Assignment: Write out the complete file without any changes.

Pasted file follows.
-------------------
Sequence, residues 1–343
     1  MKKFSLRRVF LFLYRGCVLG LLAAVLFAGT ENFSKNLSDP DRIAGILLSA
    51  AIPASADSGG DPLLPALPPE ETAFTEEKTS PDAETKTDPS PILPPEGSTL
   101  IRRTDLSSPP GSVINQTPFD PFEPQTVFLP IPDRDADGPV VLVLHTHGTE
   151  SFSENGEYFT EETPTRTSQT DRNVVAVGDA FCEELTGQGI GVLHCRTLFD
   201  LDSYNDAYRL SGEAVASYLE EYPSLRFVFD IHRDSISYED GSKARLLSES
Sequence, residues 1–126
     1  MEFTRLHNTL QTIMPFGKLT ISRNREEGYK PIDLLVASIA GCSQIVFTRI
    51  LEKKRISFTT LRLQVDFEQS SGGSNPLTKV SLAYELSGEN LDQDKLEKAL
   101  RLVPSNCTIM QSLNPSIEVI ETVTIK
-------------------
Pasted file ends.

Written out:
Sequence, residues 1–343
     1  MKKFSLRRVF LFLYRGCVLG LLAAVLFAGT ENFSKNLSDP DRIAGILLSA
    51  AIPASADSGG DPLLPALPPE ETAFTEEKTS PDAETKTDPS PILPPEGSTL
   101  IRRTDLSSPP GSVINQTPFD PFEPQTVFLP IPDRDADGPV VLVLHTHGTE
   151  SFSENGEYFT EETPTRTSQT DRNVVAVGDA FCEELTGQGI GVLHCRTLFD
   201  LDSYNDAYRL SGEAVASYLE EYPSLRFVFD IHRDSISYED GSKARLLSES
Sequence, residues 1–126
     1  MEFTRLHNTL QTIMPFGKLT ISRNREEGYK PIDLLVASIA GCSQIVFTRI
    51  LEKKRISFTT LRLQVDFEQS SGGSNPLTKV SLAYELSGEN LDQDKLEKAL
   101  RLVPSNCTIM QSLNPSIEVI ETVTIK